10. Icelandic Sweets
It is no secret that Icelandic people love sweets! The nation‘s sugar consumption is a dentist‘s dream and though everyone knows it is bad for you, it is just too damn delicious!
So popular is ice cream, we just have to mention it again! Icelanders’ most favorite ice cream is soft-serve. Don‘t just get plain ice cream when in Iceland; do it like the locals with a chocolate dip and covered in small-sized candy. Or if you want to go extreme, order a bragðarefur, flavor fox! This is soft-serve ice cream customized to your favorite fruit and candy.
Spend just a little time in Iceland and you will notice how big the black licorice culture is. Most Icelandic sweets contain salty licorice, or lakkrÍs. Even the chocolate you buy in Iceland could have lakkrÍs in it. Icelanders also tend to cover their chocolate, licorice, dates, almonds, raisins, and more in a spicy-pepper-licorice powder.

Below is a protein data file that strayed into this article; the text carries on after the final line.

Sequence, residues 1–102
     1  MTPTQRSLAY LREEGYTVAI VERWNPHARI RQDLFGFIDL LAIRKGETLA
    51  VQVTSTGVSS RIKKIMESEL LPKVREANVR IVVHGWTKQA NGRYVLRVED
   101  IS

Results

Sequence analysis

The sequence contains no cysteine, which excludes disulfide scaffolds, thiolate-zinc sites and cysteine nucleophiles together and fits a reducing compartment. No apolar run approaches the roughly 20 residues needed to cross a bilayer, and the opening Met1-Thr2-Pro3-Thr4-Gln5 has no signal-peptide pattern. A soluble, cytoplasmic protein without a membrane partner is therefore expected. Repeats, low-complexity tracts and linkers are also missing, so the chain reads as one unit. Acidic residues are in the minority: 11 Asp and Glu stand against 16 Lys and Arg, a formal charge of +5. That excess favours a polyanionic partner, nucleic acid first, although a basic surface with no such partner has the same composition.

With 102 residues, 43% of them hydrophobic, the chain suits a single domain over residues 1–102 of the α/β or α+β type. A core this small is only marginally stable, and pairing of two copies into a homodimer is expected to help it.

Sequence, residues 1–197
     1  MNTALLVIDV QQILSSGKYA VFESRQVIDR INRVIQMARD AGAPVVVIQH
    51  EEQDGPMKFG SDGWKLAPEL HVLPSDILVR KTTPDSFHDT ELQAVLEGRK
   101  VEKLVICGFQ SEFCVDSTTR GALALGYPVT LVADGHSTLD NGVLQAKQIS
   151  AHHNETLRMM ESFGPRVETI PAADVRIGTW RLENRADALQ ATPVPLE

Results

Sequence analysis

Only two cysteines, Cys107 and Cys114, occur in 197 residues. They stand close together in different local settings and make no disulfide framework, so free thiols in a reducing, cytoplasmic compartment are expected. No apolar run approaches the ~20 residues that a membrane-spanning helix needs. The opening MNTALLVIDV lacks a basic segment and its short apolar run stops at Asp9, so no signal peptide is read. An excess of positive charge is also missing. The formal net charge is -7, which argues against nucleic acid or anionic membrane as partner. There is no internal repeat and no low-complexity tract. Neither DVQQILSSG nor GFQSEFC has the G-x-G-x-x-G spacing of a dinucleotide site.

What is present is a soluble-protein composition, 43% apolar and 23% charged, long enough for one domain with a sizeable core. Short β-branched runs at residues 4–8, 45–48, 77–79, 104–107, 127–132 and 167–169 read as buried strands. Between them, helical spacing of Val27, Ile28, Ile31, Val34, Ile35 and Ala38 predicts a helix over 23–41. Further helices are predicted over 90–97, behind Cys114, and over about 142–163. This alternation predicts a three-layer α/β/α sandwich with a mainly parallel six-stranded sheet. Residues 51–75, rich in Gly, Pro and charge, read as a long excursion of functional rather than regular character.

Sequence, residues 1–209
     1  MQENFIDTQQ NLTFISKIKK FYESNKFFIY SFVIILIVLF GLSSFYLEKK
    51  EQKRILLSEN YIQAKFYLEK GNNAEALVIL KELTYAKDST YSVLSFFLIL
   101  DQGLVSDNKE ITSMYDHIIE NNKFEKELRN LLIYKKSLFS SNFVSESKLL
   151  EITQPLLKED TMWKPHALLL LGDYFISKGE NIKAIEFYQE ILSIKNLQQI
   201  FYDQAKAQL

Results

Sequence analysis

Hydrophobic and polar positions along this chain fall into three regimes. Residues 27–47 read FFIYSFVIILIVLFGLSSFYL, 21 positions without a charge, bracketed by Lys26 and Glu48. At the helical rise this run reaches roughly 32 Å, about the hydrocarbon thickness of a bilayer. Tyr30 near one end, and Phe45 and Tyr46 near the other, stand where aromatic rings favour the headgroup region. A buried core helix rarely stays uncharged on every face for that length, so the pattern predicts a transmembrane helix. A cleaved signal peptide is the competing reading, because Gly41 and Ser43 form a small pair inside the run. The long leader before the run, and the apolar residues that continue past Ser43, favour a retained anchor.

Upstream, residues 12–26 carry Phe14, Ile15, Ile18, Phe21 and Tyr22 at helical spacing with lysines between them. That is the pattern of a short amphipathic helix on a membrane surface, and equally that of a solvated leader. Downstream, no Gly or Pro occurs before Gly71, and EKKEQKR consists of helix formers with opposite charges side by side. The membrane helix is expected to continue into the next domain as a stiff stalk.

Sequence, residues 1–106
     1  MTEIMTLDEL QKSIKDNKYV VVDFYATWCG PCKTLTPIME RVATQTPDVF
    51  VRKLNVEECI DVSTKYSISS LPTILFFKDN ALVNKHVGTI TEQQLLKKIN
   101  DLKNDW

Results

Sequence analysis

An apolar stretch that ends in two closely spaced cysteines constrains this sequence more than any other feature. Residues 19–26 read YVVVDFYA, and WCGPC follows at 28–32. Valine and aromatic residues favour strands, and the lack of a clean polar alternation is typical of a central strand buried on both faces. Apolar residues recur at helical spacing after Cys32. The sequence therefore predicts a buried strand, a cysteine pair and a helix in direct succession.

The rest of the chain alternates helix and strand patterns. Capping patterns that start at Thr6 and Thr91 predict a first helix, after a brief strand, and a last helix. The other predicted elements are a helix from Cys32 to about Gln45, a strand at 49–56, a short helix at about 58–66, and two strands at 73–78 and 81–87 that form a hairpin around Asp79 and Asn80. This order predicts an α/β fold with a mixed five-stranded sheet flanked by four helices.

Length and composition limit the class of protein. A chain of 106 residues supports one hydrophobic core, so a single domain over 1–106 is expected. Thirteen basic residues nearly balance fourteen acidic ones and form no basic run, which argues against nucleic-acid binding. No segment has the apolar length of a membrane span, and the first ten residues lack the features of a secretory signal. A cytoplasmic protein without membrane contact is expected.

The salty black licorice has even made its way from the candy aisle into regular food; licorice sauce for lamb, for instance, and licorice cheese. Here are some of the most popular sweets that you should try out when you visit!
- Draumur and Þristur: chocolate-covered licorice bars. The licorice is sweet and compliments the chocolate flavor perfectly (according to Icelanders).
- Opal: The famous licorice lozenges that have been around since 1945. Often used as mouth fresheners but also candy. You can also buy Opal flavored shots at the liquor market for your next party!
- Appolo Sjörnurúlla: A licorice and marzipan roll.
Verði þér að góðu – Enjoy your meal!